When she was six, Margaret herself became a rebel, against going to school. On a blazing hot September day her mother drove her out along the road to Jonesboro, pointing out the ruins of great houses that had fallen during or because of the war, chimneys standing ghostly among the scattered leaves and creeping foliage of the encroaching woods. She also pointed out the proud homes that still stood, testimony to their owners' steely spirit.
She explained that all the people who had once lived in all the houses had believed they had wealth and beauty and good times that would never end. But their world did end. And it would happen again, Margaret's mother warned. And when it did, she had better be prepared. "...All that would be left after a world ended would be what you could do with your hands and what you had in your head," not the least of which was an education. Margaret went to school.
Margaret grew up with the twentieth century, a Jazz Age baby, sufficiently enlightened in the New Era of women's equality to set off for college with aspirations of becoming a neurologist or psychiatrist. During her first year, however, her mother died in the influenza epidemic of 1919, and she came home to keep house for her father and brother.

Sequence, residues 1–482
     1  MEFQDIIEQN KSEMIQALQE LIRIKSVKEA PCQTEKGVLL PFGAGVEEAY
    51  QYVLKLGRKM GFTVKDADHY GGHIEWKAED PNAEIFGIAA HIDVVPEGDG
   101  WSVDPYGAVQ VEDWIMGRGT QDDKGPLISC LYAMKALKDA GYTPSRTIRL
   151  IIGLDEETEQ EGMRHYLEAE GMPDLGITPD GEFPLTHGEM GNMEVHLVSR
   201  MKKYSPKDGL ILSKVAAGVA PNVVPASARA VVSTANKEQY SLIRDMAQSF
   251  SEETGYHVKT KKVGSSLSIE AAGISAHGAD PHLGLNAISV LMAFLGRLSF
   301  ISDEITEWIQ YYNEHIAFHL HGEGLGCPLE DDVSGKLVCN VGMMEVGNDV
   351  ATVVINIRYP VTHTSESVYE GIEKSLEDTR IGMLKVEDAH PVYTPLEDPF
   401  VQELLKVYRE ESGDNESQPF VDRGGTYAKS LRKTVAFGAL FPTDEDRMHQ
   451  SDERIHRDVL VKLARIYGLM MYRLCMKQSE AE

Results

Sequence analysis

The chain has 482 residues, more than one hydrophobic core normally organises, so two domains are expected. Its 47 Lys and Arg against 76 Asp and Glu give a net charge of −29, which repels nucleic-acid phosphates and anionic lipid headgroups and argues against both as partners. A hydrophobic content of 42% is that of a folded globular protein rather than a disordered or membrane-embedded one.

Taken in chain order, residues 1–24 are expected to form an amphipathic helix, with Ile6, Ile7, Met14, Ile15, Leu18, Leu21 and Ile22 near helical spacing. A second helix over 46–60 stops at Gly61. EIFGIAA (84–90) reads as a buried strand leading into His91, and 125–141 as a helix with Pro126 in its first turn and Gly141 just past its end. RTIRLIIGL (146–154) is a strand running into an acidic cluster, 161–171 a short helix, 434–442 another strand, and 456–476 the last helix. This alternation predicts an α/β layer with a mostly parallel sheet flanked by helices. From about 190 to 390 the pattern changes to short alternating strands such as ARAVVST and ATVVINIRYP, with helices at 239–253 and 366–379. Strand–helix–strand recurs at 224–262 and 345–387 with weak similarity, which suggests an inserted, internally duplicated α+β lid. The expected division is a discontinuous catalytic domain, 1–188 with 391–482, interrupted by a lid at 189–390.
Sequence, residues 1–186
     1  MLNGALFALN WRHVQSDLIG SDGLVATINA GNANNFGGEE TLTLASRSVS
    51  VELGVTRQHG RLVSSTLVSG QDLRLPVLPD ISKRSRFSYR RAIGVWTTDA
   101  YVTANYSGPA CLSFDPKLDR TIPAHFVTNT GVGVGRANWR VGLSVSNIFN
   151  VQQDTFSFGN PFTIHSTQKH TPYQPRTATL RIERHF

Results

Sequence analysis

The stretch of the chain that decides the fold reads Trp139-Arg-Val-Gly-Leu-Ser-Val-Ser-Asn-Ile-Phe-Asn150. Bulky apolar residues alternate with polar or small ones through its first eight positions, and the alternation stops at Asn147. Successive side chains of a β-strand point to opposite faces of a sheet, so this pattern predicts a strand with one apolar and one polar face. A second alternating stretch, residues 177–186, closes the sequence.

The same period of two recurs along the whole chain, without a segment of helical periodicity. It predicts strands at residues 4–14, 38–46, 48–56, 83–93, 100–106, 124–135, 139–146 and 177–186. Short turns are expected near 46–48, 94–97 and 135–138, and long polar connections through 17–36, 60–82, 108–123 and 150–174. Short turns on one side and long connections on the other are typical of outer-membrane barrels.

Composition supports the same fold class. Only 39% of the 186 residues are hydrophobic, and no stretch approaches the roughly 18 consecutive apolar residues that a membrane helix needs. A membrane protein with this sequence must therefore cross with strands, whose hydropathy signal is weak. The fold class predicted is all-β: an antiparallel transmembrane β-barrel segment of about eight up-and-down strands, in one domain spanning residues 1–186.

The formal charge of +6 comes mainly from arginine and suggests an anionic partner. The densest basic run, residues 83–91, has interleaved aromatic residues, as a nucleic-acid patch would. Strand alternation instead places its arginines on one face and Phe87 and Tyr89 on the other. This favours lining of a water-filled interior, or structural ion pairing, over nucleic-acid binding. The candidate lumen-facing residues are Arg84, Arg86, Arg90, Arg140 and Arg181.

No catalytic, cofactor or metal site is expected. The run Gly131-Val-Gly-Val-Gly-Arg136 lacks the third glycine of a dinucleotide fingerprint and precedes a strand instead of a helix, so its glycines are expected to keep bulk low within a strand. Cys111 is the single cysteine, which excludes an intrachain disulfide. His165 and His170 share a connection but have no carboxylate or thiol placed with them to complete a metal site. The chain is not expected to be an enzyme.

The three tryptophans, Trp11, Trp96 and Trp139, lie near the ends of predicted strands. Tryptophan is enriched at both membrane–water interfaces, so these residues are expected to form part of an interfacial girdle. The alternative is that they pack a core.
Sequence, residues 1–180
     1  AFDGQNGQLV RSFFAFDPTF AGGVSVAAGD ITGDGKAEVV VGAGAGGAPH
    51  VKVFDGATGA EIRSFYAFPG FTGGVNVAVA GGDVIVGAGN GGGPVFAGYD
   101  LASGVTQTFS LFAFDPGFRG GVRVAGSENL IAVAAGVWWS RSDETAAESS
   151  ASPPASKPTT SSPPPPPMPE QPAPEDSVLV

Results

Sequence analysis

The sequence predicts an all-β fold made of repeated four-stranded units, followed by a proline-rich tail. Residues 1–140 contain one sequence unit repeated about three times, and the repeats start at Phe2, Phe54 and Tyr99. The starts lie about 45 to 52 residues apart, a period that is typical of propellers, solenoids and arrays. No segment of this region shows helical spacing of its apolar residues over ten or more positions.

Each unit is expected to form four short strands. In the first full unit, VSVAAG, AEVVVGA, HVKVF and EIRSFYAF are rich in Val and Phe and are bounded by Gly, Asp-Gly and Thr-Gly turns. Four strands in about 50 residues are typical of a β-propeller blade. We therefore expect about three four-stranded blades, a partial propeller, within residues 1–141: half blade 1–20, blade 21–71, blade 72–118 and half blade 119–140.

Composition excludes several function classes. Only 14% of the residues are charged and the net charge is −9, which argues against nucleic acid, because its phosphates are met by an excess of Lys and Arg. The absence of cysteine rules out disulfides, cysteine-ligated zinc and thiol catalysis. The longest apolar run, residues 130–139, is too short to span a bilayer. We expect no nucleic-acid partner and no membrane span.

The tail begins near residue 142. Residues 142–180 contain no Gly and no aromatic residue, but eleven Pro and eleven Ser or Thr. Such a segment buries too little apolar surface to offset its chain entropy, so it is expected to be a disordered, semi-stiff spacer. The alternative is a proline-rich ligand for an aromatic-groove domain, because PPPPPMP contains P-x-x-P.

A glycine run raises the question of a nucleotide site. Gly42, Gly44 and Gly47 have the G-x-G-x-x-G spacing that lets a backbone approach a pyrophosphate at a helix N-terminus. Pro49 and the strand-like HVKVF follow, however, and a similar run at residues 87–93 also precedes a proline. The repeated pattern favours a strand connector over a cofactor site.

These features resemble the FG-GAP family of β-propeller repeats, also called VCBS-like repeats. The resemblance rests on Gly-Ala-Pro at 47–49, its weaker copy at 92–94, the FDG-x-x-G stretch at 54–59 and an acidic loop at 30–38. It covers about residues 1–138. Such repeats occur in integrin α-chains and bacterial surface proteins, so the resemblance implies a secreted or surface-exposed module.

A freethinking flapper, "one of those short-haired, short-skirted, hard-boiled young women who preachers said would go to hell or be hanged before they were thirty," as she described herself, Margaret talked her way into, and succeeded admirably at, a position as a reporter for the Atlanta Journal Sunday Magazine, no mean feat in an age where the only newspapermen were men.
Margaret -- Peggy, her friends called her -- moved about in a modern world of moving pictures, speedy automobiles, electric iceboxes airplanes, and radios, but to her the Civil War was just as recent and probably more real.
She found herself in 1926, at the height of the Jazz Age, housebound with a broken ankle that developed into arthritis she began to write a novel about the Civil War.
She was first of all a voracious reader. Her husband, John Marsh, brought home armloads of library books every night to entertain her until one evening he announced that he had exhausted the supply; she had read every book in the library except the exact sciences. Dropping a sheaf of copy paper in her lap, he told her she now had no choice but to write her own book.